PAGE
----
the rotation of the third set of electromagnetic coils past the fourth set of electromagnetic coils generates a second electric current, a first portion of which is transmitted from the fourth set of electromagnetic coils to the first set of electromagnetic coils, and a second portion of which is transmitted from the fourth set of electromagnetic coils to provide electric power.
4. The apparatus for generating electrical power from ocean currents according to claim 3, wherein:
the frame is enclosed in a shroud that accelerates ocean currents by funneling them through a more constricted space to increase the speed of rotation of the impeller.
5. The apparatus for generating electrical power from ocean currents according to claim 4, wherein:
electric power is transmitted from the fourth set of electromagnetic coils via an undersea transmission line and a shore-based transmission station to a local power grid.
6. The apparatus for generating electrical power from ocean currents according to claim 5, wherein:
at least one of the first through fourth sets of electromagnetic coils is wrapped around a ferromagnetic core; and
the shaft is non-rotating.
7. The apparatus for generating electrical power from ocean currents according to claim 5, wherein:
at least one of the first through fourth sets of electromagnetic coils has an empty core; and
the shaft is non-rotating.
8. An apparatus for generating electrical power from ocean currents, comprising:
an impeller set within a frame in which it can rotate about a shaft;
a first set of electromagnetic coils adjacent to the shaft, that remain in a fixed position;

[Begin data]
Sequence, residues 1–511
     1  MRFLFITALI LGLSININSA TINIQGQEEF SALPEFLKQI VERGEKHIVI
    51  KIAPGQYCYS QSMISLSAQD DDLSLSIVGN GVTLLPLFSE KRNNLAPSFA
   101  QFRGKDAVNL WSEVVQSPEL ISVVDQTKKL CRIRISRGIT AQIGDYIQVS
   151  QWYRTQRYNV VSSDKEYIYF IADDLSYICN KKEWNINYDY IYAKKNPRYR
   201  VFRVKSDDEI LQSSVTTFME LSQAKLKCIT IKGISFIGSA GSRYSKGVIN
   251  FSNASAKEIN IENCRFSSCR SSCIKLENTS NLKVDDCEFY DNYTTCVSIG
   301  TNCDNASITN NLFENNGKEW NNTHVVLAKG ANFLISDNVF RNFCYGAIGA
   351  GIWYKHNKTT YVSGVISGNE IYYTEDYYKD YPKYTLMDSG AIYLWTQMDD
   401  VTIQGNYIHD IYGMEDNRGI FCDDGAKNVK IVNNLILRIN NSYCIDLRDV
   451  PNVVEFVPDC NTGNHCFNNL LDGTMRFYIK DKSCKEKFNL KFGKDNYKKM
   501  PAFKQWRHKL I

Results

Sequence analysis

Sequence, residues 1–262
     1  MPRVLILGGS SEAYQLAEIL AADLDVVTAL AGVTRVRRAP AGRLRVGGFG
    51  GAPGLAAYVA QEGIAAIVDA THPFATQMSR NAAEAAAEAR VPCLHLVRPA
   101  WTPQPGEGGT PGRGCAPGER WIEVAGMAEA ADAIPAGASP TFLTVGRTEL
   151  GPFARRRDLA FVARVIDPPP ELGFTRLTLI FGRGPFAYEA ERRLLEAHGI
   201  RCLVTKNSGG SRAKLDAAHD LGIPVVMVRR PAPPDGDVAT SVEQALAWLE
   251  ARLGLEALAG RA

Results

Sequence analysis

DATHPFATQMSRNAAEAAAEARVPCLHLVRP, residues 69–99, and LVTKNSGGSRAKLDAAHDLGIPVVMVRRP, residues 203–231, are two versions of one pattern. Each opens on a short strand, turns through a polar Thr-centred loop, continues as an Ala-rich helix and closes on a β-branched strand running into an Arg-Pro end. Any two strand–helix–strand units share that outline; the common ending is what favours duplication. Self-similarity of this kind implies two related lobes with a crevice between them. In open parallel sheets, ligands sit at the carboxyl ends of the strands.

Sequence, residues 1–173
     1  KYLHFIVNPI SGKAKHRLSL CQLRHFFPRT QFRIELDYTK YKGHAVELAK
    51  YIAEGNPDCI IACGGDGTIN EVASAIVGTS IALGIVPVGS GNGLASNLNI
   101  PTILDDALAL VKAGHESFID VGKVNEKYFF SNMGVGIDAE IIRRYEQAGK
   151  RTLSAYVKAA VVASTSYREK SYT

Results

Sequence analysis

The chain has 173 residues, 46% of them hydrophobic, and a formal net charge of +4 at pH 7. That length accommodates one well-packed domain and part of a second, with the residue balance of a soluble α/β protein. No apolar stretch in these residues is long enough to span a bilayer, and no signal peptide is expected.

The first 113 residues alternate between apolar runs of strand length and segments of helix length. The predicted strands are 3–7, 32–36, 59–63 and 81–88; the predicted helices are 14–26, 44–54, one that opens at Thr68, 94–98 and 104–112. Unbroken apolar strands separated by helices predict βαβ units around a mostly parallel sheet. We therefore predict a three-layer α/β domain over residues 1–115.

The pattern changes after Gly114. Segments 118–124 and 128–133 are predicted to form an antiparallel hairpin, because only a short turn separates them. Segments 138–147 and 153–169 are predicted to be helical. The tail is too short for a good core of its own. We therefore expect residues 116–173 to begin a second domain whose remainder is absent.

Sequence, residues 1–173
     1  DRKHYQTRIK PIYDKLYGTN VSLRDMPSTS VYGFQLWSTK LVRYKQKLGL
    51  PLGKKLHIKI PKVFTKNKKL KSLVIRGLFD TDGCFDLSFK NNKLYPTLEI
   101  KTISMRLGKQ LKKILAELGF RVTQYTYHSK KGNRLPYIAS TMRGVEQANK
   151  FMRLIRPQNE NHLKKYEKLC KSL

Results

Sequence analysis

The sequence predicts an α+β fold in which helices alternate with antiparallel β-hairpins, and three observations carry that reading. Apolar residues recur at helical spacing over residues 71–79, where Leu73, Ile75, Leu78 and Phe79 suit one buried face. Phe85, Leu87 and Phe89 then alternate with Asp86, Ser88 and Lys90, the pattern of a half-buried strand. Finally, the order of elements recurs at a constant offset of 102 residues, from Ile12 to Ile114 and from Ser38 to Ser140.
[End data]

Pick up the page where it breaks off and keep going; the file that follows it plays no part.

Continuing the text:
a second set of electromagnetic coils attached to the turbine adjacent to the first set of electromagnetic coils, said second set of electromagnetic coils rotating about the shaft when the impeller rotates;
a third set of electromagnetic coils attached to the impeller, said third set of electromagnetic coils also rotating about the shaft when the impeller rotates, and said third set of electromagnetic coils being electrically connected to said second set of electromagnetic coils; and
a fourth set of electromagnetic coils adjacent to the shaft, that remain in a fixed position, and are adjacent to the third set of electromagnetic coils and said fourth set of coils being electrically connected to said first set of coils and being electrically connected to the apparatus's power output connectors.
9. The apparatus for generating electrical power from ocean currents according to claim 8, wherein:
the rotation of the second set of electromagnetic coils past the first set of electromagnetic coils generates a first electric current that is transmitted from the second set of electromagnetic coils to the third set of electromagnetic coils.
10. The apparatus for generating electrical power from ocean currents according to claim 9, wherein:
the rotation of the third set of electromagnetic coils past the fourth set of electromagnetic coils generates a second electric current, a first portion of which is transmitted from the fourth set of electromagnetic coils to the first set of electromagnetic coils, and a second portion of which is transmitted from the fourth set of electromagnetic coils to provide electric power.